North Korea Increasing War Readiness As Tensions Continue To Escalate

Dr. E.C. Beuck

The leader of North Korea, Kim Jong-un, has ordered the military of his country to step up their combat exercises in an effort to improve their readiness for a potential war. The move comes after significant weapon demonstrations aimed at threatening South Korea and its allies like the United States.

The command was given at a meeting of the ruling Worker’s Party’s Central Military Commission, with particular emphasis on the constant expansion and intensification of combat drills in particular, while also improving military affairs as a whole. A military parade celebrating the 75th anniverary of the founding of the Korean People’s Army is expected to show off recent advances in missiles technology in Pyongyang on Wednesday of this week.

Though the parade itself is not worrying, what it seeks to convey, that North Korea is continuing to expand military demonstrations and pursue the development of nuclear warheads as well as ballistic missile systems is beyond concerning. Indeed, given the recent record-breaking number of missile tests by North Korea this past year we might expect continued demonstrations to occur this year as well. In the meantime, the United States has also stepped up military drills in South Korea in an attempt to deter North Korea, as well as indicated efforts to expand joint exercises and cooperation with the military of South Korea itself.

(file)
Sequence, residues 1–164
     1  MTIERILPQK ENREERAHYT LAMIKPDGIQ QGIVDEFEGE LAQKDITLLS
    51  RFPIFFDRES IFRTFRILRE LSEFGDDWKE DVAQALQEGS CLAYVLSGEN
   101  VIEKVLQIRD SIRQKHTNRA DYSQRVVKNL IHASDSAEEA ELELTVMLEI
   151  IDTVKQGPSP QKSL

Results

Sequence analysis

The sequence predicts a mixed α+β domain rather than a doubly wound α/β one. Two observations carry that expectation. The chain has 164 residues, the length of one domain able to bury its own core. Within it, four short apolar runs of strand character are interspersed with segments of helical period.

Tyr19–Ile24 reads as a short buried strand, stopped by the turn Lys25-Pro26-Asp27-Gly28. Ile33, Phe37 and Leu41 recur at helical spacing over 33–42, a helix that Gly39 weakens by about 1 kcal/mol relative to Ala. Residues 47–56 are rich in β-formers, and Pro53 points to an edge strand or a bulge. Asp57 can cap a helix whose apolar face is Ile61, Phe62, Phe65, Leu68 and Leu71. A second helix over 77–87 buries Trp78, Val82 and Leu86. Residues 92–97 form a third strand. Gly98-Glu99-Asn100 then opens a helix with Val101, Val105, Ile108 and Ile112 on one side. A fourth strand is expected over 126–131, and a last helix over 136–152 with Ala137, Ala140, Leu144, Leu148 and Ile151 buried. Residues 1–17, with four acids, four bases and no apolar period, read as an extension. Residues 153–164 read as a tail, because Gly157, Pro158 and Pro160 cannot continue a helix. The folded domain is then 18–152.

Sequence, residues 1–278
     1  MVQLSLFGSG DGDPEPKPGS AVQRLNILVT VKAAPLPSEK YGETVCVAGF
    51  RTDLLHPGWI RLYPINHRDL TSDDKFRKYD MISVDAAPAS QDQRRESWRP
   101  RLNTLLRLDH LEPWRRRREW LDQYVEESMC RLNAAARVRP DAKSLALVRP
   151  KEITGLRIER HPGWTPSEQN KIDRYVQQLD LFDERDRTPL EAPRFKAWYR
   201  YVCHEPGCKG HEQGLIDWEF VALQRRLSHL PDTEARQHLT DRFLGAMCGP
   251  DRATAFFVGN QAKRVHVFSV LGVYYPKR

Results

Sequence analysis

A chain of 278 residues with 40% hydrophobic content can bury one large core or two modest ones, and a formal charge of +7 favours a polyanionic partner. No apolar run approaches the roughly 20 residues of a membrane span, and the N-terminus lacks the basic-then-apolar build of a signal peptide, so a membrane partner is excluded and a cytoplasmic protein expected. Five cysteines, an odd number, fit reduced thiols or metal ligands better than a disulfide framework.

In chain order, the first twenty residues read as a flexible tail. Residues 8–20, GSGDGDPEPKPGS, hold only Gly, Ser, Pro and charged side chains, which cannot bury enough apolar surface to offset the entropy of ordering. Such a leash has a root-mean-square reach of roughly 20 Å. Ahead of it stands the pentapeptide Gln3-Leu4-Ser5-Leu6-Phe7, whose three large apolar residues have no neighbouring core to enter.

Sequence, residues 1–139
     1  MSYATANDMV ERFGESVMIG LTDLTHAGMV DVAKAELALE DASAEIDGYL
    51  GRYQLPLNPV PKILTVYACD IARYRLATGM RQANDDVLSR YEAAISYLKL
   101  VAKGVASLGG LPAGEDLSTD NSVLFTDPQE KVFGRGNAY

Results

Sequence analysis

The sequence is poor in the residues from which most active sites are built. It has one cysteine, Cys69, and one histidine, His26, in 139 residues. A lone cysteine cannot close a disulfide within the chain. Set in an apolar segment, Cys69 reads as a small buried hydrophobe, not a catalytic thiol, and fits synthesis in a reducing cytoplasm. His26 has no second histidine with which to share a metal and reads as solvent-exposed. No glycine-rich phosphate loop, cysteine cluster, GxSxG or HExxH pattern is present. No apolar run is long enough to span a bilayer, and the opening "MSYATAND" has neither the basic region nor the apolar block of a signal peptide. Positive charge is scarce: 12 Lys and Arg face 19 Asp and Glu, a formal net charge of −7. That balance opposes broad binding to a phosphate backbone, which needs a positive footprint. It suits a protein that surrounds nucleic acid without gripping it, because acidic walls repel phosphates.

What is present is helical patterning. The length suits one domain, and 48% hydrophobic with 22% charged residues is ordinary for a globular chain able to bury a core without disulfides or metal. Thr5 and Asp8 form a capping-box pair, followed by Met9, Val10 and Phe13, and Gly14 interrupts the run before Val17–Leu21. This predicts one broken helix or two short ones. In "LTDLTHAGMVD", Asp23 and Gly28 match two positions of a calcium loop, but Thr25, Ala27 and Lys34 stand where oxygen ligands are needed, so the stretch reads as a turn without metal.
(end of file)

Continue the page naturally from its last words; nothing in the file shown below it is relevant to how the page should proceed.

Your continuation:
Most concerning of all is how North Korea has threatened overwhelming nuclear force as a way to counter moves by the United States in South Korea, such as deployment of bombers and aircraft carriers to the region. In particular, Kim called for the mass expansion of nuclear warheads and production of tactical nukes to target South Korea, as well as intercontinental ballistic missiles to strike the mainland of the United States.

Despite the emphasis on military expansion, concerns about agricultural production and economic isolation are pressuring the regime and the people of North Korea significantly. We can hope that these pressures might bring the possibility of peaceful negotiations up in the future, despite talks with the United States having been stalled since 2019 during the Trump administration.

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Holding a PhD in Political Science, I write about current events and on political topics related to international relations, international law, conflict both between and within states, and the interactions between technology and politics.

Washington, DC

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